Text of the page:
Skip Navigation

Close and don't show again.

Your browser is out of date.

You may not get the full experience here on National Journal.

Please upgrade your browser to any of the following supported browsers:

Ahead of Protests, Experts Say Saudi Turmoil Unlikely Ahead of Protests, Experts Say Saudi Turmoil Unlikely

This ad will end in seconds
Close X

Want access to this content? Learn More »

Forget Your Password?

Don't have an account? Register »

Reveal Navigation



Ahead of Protests, Experts Say Saudi Turmoil Unlikely


Saudi youth celebrate the return of King Abdullah bin Abdul Aziz on February 23 after his return from three months abroad.(FAYEZ NURELDINE/AFP/Getty Images)

HOUSTON — It probably won’t happen. But if Saudi Arabia faced the same turmoil as other Middle Eastern countries, it would be disastrous. And that’s what’s got people attending an international energy conference here talking.

“If Saudi Arabia were to become unhinged, the consequences are almost impossible to imagine—politically, economically, at every level,” said Ryan Crocker, who was the U.S. ambassador to Iraq until 2009. “But I don’t see it happening.” Crocker spoke to reporters after keynoting a morning speech on Wednesday during the 30th annual Cambridge Energy Research Associates conference.


Talk of Saudi Arabia and its integral role in the oil industry has surfaced this week as the small oil disruption from the Libyan unrest sparked fears in the market and spiked prices. The ultimate fear is that if turmoil erupts in Saudi Arabia, it would lead to disruptions in oil supply, even though that seems unlikely. It is the world’s largest oil exporter and home of the world’s largest reserves. It’s also the most influential country within the Organization of Petroleum Exporting Countries, which supplies 40 percent of the world’s oil.

Anxiety about the country’s stability is mounting ahead of a massive protest planned for the nation’s capital, Riyadh, on Friday. Thousands of Saudis have signed onto groups on social networking sites like Facebook calling for the protest, known as a “Day of Rage.” Another one is planned for later this month.

In panel discussions and keynote speeches, experts here have been talking about Saudi Arabia as part of the larger picture of the Middle East unrest and the oil industry. And over lunch and dinner tables at CERA, chatter turns to the “what if” scenario.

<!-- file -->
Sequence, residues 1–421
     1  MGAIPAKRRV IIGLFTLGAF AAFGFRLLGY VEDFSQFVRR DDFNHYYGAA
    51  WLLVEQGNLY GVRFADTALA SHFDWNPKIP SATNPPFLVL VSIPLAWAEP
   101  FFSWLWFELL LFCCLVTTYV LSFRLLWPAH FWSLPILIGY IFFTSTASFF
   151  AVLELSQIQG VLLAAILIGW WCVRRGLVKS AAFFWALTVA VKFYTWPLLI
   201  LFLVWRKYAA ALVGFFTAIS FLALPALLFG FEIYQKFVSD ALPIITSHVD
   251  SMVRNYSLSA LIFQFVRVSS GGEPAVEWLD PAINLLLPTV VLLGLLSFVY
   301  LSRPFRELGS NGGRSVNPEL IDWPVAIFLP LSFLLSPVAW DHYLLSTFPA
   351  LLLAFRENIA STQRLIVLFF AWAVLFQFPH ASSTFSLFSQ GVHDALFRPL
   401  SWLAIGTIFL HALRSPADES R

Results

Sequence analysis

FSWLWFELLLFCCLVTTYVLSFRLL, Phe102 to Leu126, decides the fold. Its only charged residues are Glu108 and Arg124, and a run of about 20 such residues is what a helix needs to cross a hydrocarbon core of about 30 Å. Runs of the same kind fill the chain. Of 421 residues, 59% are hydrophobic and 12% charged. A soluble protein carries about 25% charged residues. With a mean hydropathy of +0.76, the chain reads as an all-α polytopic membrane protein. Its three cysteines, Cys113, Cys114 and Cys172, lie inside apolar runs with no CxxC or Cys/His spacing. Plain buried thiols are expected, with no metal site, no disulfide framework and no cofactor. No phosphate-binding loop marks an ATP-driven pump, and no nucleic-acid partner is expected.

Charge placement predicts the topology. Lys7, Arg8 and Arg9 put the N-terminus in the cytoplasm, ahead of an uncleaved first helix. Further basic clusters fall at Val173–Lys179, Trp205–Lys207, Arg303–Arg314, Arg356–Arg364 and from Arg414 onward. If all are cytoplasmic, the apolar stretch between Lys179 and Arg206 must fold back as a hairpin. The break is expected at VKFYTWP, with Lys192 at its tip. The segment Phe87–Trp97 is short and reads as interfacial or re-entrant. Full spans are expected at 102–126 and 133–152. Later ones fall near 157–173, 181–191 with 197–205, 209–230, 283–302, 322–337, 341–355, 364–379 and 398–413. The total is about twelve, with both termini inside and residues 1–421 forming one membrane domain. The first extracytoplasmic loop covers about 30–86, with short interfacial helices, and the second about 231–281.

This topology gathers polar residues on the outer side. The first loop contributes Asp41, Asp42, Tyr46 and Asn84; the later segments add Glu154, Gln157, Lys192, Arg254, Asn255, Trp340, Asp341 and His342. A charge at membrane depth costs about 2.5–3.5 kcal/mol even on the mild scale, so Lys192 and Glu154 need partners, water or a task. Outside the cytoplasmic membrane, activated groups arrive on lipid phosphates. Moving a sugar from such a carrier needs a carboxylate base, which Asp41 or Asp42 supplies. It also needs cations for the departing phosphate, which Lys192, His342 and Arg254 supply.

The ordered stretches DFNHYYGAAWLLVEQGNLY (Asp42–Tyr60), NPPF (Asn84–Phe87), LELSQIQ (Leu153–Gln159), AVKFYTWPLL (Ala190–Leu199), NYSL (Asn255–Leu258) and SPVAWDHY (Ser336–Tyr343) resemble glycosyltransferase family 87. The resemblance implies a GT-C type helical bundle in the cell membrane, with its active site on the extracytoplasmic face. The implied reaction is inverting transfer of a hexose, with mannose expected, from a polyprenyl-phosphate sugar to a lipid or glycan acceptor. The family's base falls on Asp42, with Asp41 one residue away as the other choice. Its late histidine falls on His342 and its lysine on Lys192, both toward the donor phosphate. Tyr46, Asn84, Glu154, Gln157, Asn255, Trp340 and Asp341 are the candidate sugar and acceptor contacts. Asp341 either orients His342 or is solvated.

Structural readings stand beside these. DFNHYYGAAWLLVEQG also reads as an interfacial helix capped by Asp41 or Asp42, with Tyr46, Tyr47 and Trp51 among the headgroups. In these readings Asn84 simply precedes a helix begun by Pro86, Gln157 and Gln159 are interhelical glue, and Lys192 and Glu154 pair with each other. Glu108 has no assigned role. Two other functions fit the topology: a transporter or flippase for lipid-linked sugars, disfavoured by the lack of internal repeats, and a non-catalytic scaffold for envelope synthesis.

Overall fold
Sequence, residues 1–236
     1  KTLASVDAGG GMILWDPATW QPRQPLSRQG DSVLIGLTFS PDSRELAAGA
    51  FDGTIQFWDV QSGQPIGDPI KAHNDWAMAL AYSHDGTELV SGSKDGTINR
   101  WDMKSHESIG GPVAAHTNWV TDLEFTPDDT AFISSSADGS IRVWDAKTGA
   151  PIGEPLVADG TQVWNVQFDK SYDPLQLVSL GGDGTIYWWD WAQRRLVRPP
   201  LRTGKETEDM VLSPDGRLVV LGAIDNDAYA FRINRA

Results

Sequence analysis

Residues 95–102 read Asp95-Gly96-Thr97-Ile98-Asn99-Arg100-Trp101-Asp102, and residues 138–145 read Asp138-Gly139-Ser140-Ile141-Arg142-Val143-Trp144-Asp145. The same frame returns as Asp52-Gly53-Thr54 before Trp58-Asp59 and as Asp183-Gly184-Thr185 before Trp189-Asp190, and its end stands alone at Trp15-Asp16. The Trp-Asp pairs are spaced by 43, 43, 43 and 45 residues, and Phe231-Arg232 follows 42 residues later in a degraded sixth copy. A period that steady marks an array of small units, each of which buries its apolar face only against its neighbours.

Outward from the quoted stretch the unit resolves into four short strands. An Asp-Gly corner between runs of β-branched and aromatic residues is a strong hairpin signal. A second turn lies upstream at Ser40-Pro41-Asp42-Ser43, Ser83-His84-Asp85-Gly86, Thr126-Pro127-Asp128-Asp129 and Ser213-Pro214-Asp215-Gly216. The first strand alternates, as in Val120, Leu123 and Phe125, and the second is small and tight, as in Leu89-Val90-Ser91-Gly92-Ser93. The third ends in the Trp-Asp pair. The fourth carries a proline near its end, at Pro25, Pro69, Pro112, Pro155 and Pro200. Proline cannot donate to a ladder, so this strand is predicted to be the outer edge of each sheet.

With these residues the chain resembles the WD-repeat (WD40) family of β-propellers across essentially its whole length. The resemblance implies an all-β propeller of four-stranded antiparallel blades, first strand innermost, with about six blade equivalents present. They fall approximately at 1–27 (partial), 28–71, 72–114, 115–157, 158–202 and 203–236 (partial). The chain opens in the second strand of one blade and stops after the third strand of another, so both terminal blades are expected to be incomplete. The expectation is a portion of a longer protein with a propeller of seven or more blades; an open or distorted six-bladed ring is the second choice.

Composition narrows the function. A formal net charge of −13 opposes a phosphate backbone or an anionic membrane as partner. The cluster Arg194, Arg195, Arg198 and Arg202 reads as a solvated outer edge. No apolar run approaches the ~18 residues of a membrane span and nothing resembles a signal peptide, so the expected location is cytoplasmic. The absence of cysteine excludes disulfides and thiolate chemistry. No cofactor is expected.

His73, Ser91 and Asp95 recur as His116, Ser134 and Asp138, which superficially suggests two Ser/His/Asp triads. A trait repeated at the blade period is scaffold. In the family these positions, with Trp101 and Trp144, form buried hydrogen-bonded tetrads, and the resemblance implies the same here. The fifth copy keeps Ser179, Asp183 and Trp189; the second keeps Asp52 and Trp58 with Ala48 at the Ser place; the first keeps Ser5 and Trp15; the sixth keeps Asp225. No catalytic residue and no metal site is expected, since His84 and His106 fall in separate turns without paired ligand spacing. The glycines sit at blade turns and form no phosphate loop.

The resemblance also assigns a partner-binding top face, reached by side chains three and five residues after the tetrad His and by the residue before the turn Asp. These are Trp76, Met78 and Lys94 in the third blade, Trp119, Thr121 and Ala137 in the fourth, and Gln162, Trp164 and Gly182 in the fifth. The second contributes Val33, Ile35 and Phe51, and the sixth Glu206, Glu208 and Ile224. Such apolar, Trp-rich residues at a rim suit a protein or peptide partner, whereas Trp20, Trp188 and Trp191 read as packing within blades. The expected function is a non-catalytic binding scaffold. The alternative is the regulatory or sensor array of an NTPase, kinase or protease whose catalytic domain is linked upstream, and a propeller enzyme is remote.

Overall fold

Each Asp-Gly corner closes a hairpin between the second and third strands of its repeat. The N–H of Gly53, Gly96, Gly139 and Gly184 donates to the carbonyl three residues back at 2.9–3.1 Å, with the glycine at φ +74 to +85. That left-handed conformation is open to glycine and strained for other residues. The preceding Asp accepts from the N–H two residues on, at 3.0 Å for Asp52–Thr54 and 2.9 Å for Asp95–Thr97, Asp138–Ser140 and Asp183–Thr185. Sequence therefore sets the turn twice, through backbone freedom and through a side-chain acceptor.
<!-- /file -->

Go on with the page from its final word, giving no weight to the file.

What if Saudi oil were taken out of the equation? Even the remote possibility would send the global market reeling.

“If you take it out of the equation, if something happens and the Saudis shut down, you’re looking at $500 [per-barrel] oil,” oil tycoon T. Boone Pickens told National Journal Daily in a phone interview from Dallas. Pickens, like all other experts interviewed, said it was unlikely.

Apart from being the world’s biggest exporter, Saudi Arabia also has nearly all the world’s spare reserves.

“There is hardly any spare capacity outside Saudi Arabia to make up for any disruption within Saudi Arabia,” Guy Caruso said at CERA. Caruso serves as senior adviser in the Energy and National Security Program at the Center for Strategic and International Relations. “They’re the main buffer we have. And a little bit there and a little bit here is trivial to what Saudi Arabia has.”


One key Middle Eastern leader signaled confidence that Saudi Arabia would easily weather the protests.

“I am confident about the stability of Saudi Arabia,” said Youcef Yousfi, minister of energy and mines for Algeria. “I am confident of the stability of exports of oil of Saudi Arabia. I don’t think there will be a disturbance in production of exports.”

Another key international oil expert said he expects even amid unrest within in its own borders, Saudi Arabia would continue exporting oil. “I think they will keep on putting more oil in the market,” said Rene Ortiz, who was inspector general of OPEC from 1979 to 1981.

A major uprising within Saudi Arabia probably wouldn’t happen, experts say, because the country is different than the other three Middle Eastern countries—Tunisia, Egypt, and Libya—that have had uprisings. King Abdullah is more well-liked by his people than the leaders in those nations, and Saudis have a wealthier population. The Saudi government has more money to spend on its people. (Late last month Abdullah promised $36 billion in new benefits.)

“A lot of attention has been paid to responding to the popular needs, and an awful lot of political networking is going on primarily led by King Abdullah,” said Crocker, who also served as a U.S. ambassador to Pakistan, Syria, Kuwait, and Lebanon. “Where they do have a challenge is with their own youth bulge.”

Indeed, the $36 billion Abdullah announced several weeks ago is going mostly to its young people.

The uprisings in the other countries have largely started with young people calling for new leadership. Relatively small protests have been occurring in Saudi Arabia in recent weeks amid the regional turmoil.

“There is a certain infectious quality to all of this,” Crocker said. “So we may see demonstrations in the kingdom, but I wouldn’t see that in itself as a serious concern.”

This article appears in the March 10, 2011 edition of NJ Daily.

comments powered by Disqus